B. Volume Fraction of the Reinforcing Material
Since the reinforcing material bears a major portion of stress in the MMC (because it’s stiffer) [9], its use in the composite (such as volume fraction, distribution and type) goes a long way in determining the final properties of the material.
The study carried out by MahendraBoopathi et al. [9], considers tensile strength, density, yield strength, elongation and hardness of the MMC with respect to the percentage of the reinforcing material i.e., SiC.
Whilst consideringdensity,MahendraBoopathi et al. [9], show that it decreases with the increase in SiCcontent; the reason being the lower density of the SiC particles. It is also seen that properties, such as tensile strength [9], yield strength [9], hardness [9, 43, 44], impactstrength [43] and wear resistance [44],all of which increase/improve with an increase in SiC. It is felt that the reasons for this increase in these properties is attributed to the number of SiC particles that are directly proportional to the stress needed to initiate and propagate the cracks in the composite.However, the elongation percentage reduces as the SiC content grows [9].Nevertheless, the work of Singla et al. [43] shows that when SiC increases to above 25%, properties such as hardness and impact strength reduce. The authors say this happens because the increasing quantities of SiC particles react with each other (clustering) and settle down,thereby contributing to a local reduction in density (of SiC particles) and lower hardness (refer Singla et al. [43] for more details).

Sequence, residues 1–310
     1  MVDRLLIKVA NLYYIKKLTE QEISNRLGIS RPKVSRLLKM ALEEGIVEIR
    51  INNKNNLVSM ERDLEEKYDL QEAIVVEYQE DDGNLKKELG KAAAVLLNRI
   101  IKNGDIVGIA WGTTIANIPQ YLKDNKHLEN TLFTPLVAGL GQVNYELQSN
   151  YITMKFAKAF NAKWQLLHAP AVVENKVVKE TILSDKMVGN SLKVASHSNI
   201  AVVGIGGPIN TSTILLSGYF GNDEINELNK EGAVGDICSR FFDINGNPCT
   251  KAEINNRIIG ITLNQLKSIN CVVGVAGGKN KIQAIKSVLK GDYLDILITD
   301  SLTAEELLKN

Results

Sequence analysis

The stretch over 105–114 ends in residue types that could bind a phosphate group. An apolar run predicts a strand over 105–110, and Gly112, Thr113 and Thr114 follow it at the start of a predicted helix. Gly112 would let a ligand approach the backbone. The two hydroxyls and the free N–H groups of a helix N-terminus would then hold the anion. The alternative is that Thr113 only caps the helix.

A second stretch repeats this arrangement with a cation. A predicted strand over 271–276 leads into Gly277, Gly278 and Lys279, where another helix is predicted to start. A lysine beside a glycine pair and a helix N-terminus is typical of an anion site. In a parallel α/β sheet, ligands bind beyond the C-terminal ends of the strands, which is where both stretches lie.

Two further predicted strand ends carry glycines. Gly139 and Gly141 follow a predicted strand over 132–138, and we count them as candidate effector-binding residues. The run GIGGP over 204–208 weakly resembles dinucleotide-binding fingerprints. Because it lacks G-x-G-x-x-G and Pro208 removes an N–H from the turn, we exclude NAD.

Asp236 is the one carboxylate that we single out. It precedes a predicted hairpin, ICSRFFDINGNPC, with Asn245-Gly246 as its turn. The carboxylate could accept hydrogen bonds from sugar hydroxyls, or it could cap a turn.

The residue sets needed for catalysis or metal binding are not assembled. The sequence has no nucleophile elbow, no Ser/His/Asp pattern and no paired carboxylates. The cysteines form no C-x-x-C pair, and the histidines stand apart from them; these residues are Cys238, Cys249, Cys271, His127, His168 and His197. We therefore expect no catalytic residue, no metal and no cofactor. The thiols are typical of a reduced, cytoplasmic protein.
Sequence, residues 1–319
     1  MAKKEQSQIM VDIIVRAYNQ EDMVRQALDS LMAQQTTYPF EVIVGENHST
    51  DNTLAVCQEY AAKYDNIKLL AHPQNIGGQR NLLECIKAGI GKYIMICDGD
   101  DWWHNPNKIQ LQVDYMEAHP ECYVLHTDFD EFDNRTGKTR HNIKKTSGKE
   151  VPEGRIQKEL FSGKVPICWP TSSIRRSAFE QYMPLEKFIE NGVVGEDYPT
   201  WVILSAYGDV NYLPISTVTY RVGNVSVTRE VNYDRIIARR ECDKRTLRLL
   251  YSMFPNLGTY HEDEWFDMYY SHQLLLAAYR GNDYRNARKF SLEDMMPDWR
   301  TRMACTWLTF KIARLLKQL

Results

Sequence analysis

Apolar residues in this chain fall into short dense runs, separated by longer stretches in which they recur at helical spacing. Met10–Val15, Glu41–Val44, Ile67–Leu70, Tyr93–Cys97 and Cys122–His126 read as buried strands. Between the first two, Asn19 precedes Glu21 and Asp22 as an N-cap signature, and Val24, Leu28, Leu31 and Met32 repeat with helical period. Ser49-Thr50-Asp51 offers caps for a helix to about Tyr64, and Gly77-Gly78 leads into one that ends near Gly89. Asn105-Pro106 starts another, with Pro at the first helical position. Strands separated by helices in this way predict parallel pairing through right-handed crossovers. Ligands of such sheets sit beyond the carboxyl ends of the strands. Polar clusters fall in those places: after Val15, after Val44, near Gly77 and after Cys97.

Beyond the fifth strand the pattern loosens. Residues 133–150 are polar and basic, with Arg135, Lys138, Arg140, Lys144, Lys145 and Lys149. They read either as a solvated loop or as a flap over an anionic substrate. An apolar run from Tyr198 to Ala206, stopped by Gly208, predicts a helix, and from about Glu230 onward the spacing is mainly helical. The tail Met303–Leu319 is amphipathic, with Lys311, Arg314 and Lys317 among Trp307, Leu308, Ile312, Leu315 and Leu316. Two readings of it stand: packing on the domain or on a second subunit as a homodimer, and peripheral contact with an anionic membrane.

In another study, NeelimaDevi et al. [14] also compare the percentage of SiC content with tensile strength and elongation wherein they found that the tensile strength increases with the SiC content up to 15% after which it drops. The percentage of elongation, unlikeMahendraBoopathi et al. [9],was proportional to the SiC percentage. It is believed that the cause of the drop in tensile strength when the SiC content crosses 15% is probably because ofthe increased(total) area of the interface i.e., number of interfaceswhich, could result in void nucleation (through interfacial decohesion) and coalescenceleading to failure at lower stresses (void nucleation and coalescence are discussed in more detail byTham et al. [17]). With respect to elongation, both the considered studiesi.e., MahendraBoopathi et al. [9] and NeelimaDevi et al. [14] show contradicting results. It may be argued that there are some anomalies in the latter study’s data since there is always a trade off between strength and ductility and, both cannot rise/fall simultaneously as described in the study (where both tensile strength and elongation percentage are proportional to each other till 15% SiC content).
C. Type of the Reinforcing Material
This work uses the study of Arsenault [15] in this section and considers two types of SiC reinforcements – fibresand platelets (although the study uses a 6061 alloy, it is argued that these results could be extrapolated to pure aluminium matrix as well since both types of reinforcements in the study have been considered under similar environments).Considering fibre and platelets without any heat treatment from Arsenault’s [15] work, it is seen that even though both the composites demonstrate similar proportional limits (121 MPa), the material with the SiC fibre shows greater yield stress and ultimate tensile strength. However because the fibre’s strength was higher, its ductility compared to the platelets were lower. The increase in the properties of the fibre-reinforced composites is a result of the void density percentage, which according to Arsenault [15]is 2% (±1%) for the fibres and 5% (± 2%) for the platelets.Hence, it is seen that the type (shape) of the reinforcement affects the overall properties of the material.

D. Distribution of the Reinforcement Material